Trinity Pioneer ACO, part of UnityPoint Health, is centered in Fort Dodge, Iowa, and serves about 10,000 rural patients primarily through Trinity Regional Medical Center and UnityPoint Clinics. Trinity Pioneer ACO provides numerous services to coordinate care and improve its patients’ health outcomes, including a high-risk medical care team, integrated chronic care disease management, care at home following hospital discharge, and wound care and palliative care coordinated with long-term care facilities. In addition, a network of community pharmacies and an MTM program coordinator, OutcomesMTM, participated in the intervention arm of the study.

The service area of Trinity Pioneer ACO consists of 8 rural counties served by 32 community pharmacies. At the start of the study, 25 of these pharmacies agreed to participate in the MTM program and completed training in delivering and documenting MTM services on the OutcomesMTM platform. OutcomesMTM has extensive experience with coordinating community pharmacy networks to deliver MTM services, especially for Medicare Part D beneficiaries. Their online MTM platform was used to coordinate the MTM process among the ACO and the community pharmacy providers. The Human Subjects Office of the University of Iowa approved this study.

Randomization of patients, providers, or pharmacists to intervention and control groups was not feasible in this setting because providers and pharmacists were likely to provide services to many ACO members in their geographic region. If the intervention appeared to be useful to some, the risk of contamination, or “bleeding,” of the intervention into a randomized control group was substantial. Thus, a comparison group was chosen to be very similar on key factors but in a nonoverlapping geographic region (ie, in a quasi-experimental nonequivalent groups design).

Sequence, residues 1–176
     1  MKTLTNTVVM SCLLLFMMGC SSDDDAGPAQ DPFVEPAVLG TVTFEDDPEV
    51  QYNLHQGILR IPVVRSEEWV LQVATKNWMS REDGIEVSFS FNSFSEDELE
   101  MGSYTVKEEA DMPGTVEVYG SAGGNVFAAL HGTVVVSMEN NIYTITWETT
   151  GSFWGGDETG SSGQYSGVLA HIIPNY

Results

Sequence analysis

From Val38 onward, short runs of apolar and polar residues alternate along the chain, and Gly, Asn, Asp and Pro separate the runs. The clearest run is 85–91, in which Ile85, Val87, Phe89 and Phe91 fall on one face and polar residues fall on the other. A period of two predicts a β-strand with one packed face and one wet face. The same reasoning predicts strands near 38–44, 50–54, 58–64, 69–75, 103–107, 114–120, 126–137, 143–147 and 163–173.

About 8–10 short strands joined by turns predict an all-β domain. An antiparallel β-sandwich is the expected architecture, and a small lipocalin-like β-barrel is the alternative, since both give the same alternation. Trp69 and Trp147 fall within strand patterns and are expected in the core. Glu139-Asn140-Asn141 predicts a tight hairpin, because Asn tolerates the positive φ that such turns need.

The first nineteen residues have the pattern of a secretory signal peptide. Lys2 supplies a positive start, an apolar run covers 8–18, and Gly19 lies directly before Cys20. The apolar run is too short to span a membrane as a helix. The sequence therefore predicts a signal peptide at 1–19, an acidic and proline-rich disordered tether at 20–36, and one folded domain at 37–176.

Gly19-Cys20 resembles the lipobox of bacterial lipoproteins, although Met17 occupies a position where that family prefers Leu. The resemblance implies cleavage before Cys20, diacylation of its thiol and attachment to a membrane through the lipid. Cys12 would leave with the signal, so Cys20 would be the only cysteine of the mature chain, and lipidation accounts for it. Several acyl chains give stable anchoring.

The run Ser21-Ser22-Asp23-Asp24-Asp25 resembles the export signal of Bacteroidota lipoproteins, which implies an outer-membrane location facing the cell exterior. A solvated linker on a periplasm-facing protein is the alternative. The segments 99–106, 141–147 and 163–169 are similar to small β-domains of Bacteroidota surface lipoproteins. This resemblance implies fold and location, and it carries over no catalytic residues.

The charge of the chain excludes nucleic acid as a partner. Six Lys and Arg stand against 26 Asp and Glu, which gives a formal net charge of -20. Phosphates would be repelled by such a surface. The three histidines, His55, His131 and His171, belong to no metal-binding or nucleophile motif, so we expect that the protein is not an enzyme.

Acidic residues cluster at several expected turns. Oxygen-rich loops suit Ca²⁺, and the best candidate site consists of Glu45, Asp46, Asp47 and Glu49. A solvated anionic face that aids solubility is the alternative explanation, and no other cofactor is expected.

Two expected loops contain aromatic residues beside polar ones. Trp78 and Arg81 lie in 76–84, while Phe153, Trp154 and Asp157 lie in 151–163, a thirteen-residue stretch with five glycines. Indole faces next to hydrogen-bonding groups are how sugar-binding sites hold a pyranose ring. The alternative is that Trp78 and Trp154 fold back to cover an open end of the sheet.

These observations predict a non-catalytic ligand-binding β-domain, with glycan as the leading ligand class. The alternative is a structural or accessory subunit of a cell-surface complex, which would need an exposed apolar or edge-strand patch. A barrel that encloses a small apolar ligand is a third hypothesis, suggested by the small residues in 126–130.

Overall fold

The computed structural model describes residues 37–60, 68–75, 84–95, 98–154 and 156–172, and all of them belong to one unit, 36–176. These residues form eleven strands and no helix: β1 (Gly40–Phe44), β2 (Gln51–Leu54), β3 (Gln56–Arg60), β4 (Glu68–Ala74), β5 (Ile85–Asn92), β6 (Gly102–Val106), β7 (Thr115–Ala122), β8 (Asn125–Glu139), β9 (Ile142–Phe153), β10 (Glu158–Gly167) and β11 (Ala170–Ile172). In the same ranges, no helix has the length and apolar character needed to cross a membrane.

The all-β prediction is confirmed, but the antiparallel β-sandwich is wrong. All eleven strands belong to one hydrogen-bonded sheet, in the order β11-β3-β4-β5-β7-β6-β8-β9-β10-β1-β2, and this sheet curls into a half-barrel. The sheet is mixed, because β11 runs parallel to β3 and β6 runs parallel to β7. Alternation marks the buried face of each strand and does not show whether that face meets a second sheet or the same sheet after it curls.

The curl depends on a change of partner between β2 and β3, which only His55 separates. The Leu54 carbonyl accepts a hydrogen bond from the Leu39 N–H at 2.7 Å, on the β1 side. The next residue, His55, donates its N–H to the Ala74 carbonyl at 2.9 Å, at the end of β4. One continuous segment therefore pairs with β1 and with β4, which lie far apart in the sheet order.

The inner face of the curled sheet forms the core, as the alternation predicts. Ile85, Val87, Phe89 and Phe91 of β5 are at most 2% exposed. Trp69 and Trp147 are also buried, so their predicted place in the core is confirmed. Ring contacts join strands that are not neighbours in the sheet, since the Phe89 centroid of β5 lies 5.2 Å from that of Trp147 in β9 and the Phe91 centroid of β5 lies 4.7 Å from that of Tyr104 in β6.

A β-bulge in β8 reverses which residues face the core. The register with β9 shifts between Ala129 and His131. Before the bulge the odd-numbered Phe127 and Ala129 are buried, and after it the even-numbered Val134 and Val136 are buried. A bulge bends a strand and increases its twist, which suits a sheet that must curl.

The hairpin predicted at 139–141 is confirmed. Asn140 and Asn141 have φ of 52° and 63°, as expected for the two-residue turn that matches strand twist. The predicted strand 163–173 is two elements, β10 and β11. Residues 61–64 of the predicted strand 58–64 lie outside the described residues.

The comparison group was a rural Medicare Shared Savings Program (MSSP), also part of UnityPoint Health. Although the MSSP group did not have a specific MTM program, its coordinated care programs included patient-centered medical home models, an advanced medical care team, a long-term care team to improve transitions between hospitals and long-term care facilities, and the use of pharmacists to conduct medication reconciliation with patients prior to hospital discharge. The Trinity Pioneer ACO began its care coordination programs about a year ahead of the MSSP group, which may have given the groups different baseline levels on some of the outcome variables. We attempted to adjust for such differences with our use of longitudinal analyses by comparing the magnitudes of change between the study groups.


 
Copyright AJMC 2006-2019 Clinical Care Targeted Communications Group, LLC. All Rights Reserved.
x
Welcome the the new and improved AJMC.com, the premier managed market network. Tell us about yourself so that we can serve you better.
Sign Up